William Baum, who, as the Catholic archbishop of Washington, welcomed Pope John Paul II to the nation’s capital in 1979 and who became the longest-serving U.S. cardinal in history, died Thursday at a Catholic care facility in the District of Columbia. He was 88.

Baum was archbishop of Washington from 1973 to 1980, during a time of questioning and inner turmoil in the Catholic Church. He was known for initiating dialogue with members of other faiths and for expanding the church’s outreach efforts among minorities.

He was named a cardinal in 1976 by Pope Paul VI and participated in papal conclaves that elected three popes, including two who were close friends: Pope John Paul II and Pope Benedict XVI.

Baum’s 39 years as a cardinal marked the longest tenure of any American Catholic prelate in history, surpassing the 35 years served by James Gibbons, an archbishop of Baltimore, who died in 1921.

With a Protestant father and a Jewish stepfather, Baum embodied an ecumenical outlook from birth. In his 30s, he was already recognized as one of the Catholic Church’s leading authorities on interfaith relations.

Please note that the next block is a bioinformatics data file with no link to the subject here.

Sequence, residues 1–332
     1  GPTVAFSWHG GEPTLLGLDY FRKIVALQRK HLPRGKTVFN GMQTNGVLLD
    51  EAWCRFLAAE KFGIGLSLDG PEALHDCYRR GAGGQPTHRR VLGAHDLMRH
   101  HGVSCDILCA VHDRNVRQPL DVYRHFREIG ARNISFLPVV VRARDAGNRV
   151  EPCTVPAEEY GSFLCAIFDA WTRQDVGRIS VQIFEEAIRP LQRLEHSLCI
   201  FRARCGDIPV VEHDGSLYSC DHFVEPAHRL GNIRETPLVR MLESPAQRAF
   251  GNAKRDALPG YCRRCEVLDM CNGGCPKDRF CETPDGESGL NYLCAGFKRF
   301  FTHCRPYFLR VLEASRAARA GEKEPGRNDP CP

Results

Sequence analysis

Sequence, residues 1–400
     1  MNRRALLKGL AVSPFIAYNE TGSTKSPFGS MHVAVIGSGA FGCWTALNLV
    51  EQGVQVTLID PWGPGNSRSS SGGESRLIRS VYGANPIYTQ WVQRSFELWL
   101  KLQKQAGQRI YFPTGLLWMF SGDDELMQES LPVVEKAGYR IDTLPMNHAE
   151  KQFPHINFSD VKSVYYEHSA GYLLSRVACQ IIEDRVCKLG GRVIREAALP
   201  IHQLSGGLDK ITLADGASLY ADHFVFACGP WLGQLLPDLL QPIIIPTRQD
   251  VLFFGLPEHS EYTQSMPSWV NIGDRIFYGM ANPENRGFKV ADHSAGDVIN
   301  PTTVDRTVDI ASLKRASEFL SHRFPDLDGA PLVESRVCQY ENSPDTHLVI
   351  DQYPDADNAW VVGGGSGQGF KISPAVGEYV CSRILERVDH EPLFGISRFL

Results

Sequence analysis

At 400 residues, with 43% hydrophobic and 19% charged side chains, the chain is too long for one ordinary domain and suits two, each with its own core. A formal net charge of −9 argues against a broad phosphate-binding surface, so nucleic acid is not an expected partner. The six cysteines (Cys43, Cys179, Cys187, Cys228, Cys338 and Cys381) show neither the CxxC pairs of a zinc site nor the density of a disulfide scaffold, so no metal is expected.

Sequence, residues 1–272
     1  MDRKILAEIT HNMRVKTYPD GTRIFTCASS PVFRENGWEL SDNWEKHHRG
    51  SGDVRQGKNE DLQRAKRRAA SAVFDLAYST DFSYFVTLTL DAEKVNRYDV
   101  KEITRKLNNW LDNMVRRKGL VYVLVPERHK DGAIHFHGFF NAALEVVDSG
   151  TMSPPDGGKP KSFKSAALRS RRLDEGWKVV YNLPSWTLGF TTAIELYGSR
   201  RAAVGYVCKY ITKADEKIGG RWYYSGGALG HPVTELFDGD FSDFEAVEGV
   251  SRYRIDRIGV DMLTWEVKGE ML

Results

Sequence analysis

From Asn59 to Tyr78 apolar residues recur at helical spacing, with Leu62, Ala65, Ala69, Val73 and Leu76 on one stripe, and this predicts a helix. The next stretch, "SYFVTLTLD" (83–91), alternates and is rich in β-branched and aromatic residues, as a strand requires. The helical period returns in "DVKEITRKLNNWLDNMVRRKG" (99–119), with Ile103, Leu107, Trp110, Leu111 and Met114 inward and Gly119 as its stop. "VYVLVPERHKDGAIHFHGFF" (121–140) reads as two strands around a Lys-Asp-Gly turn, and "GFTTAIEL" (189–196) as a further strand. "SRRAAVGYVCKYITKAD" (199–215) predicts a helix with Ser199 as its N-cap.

During the Second Vatican Council of the 1960s, when the church was reassessing its role and teachings in a rapidly changing world, Baum served as a chief adviser on ecumenical matters to church leaders. He drafted some of the documents on ecumenism for Vatican II.

Throughout his career, he was considered an intellectual force within the church and held powerful positions at the Vatican, where he spent almost as much time as in his native country. He spoke fluent Italian.

Baum lived in Washington from 1964 to 1967, when he was the first executive director of the Bishops’ Commission for Ecumenical and Interreligious Affairs. After serving as a bishop in Missouri, he returned to Washington in 1973, succeeding Patrick O’Boyle as archbishop. At the time, the archdiocese was home to about 390,000 Catholics.

In his first homily as archbishop, Baum declared that the Catholic Church “clearly must do battle with racism and with all other forces which threaten human life and liberty.”

He described racial prejudice as a “heresy and sin” and in 1974 established a Black Secretariat, or a council of clergy members and lay people designed to give African-Americans a greater voice in the church.